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    xdDALTON45 wrote:
    Definately. I do want to work in the criminal justice field so is there any chance of me being wrongly charged of say Going Armed to the Terror of the Public that may ruin my chances of working in law enforcment? I am undoubtedly going to be safe and courteous when carrying my weapon, but is there anything they might be able to stick me with that will affect my future??
    There's always the chance you can be charged. You might beat the charge but not the ride. But there is supporting case law that says carrying an handgun is not GATTTOTP. State v Huntley, thanks Dreamer!. It's not something I worry a great deal about, but people have a habit of bringing it up. Usually a call to a supervisor will straighten most LEO's out on GATTTOTP. Not trying to be overly dramatic or talk you out of anything. Just understand it may be something that comes up with the public or LEO's.

    STATE v. ROBERT S. HUNTLEY.
    [Cite as State v. Huntley, 25 N.C. (3 Ired.) 418, 40 Am. Dec. 416 (1843).]


    1. The offence of riding or going armed with unusual or dangerous weapons, to the terror of the people, is an offence at common law, and is indictable in this State.

    2. A man may carry a gun for any lawful purpose of business or amusement, but he cannot go about with that or any other dangerous weapon, to terrify and alarm, and in such manner as naturally will terrify and alarm a peaceful people.

    3. The declarations of the defendant are admissible in evidence, on the part of the prosecution, as accompanying, explaining, and characterizing the acts charged.

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    chiefjason wrote:
    xdDALTON45 wrote:
    Definately. I do want to work in the criminal justice field so is there any chance of me being wrongly charged of say Going Armed to the Terror of the Public that may ruin my chances of working in law enforcment? I am undoubtedly going to be safe and courteous when carrying my weapon, but is there anything they might be able to stick me with that will affect my future??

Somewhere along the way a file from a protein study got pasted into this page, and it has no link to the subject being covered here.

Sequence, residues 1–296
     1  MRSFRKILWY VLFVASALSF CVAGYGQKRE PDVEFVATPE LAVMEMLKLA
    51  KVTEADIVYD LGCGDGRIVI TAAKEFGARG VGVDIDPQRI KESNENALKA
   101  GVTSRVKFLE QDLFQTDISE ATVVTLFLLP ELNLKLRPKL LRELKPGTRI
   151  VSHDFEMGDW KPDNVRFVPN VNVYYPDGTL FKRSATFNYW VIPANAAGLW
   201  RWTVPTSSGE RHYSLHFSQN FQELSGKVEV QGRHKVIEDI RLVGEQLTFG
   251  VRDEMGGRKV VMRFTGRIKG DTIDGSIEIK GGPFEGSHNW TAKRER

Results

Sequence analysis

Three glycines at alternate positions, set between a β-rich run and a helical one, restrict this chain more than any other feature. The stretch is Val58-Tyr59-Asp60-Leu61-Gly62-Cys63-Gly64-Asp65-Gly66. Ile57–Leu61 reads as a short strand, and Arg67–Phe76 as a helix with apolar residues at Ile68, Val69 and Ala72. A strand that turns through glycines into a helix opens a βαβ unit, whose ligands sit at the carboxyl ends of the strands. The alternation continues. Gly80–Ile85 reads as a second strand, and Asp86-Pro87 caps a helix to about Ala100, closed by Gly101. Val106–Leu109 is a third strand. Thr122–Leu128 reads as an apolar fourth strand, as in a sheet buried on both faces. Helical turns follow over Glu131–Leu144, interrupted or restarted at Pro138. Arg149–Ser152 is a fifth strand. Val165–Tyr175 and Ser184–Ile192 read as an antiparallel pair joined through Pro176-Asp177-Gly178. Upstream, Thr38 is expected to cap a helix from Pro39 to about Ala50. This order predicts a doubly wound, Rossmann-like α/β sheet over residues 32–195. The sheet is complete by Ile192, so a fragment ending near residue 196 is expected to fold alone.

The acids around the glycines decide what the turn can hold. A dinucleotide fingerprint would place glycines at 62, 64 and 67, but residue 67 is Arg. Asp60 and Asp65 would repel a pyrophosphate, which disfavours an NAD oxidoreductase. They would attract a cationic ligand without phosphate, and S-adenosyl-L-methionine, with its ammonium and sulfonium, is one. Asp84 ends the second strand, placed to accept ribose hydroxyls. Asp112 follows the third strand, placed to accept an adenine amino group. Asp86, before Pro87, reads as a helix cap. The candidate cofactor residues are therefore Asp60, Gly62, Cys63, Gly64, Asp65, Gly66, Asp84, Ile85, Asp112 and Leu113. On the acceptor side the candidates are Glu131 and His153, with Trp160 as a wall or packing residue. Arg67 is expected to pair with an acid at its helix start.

There's always the chance you can be charged. You might beat the charge but not the ride. But there is supporting case law that says carrying an handgun is not GATTTOTP. State v Huntley, thanks Dreamer!. It's not something I worry a great deal about, but people have a habit of bringing it up. Usually a call to a supervisor will straighten most LEO's out on GATTTOTP. Not trying to be overly dramatic or talk you out of anything. Just understand it may be something that comes up with the public or LEO's.

    STATE v. ROBERT S. HUNTLEY.
    [Cite as State v. Huntley, 25 N.C. (3 Ired.) 418, 40 Am. Dec. 416 (1843).]


    1. The offence of riding or going armed with unusual or dangerous weapons, to the terror of the people, is an offence at common law, and is indictable in this State.

    2. A man may carry a gun for any lawful purpose of business or amusement, but he cannot go about with that or any other dangerous weapon, to terrify and alarm, and in such manner as naturally will terrify and alarm a peaceful people.

    3. The declarations of the defendant are admissible in evidence, on the part of the prosecution, as accompanying, explaining, and characterizing the acts charged.
    Something I would love to see, and I think Dreamer has stated he has some of this, is case from all over the state where this common law has been used.

    I have been told about situations where no person was intentionally trying to terrify anyone and their manner of carrying was cause for the charge (two single action 45 LC's, western style holsters and gunbelt with bullets in the bullet loops). This person was in a bank and I wan to say this happened at least with in the last several years, perhaps longer, but in modern times. I was told the charges stuck but got no information on how the court case came out.


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    My dad is actually gifting me a pistol, so in the exchange i have to give him my PPP and he has to keep it forever.
    No, you have to exhibit the permit, the statute says nothing about giving it to a private seller.

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    mekender wrote:
    My dad is actually gifting me a pistol, so in the exchange i have to give him my PPP and he has to keep it forever.
    No, you have to exhibit the permit, the statute says nothing about giving it to a private seller.
    You have to have a PPP for EACH weapon you buy, and give the permit to the seller of the weapon. Then the seller of the weapon has to keep that permit in his posession for forever. Will cite when i get home this computer is :celebrateed up

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    xdDALTON45 wrote:
    mekender wrote:
    My dad is actually gifting me a pistol, so in the exchange i have to give him my PPP and he has to keep it forever.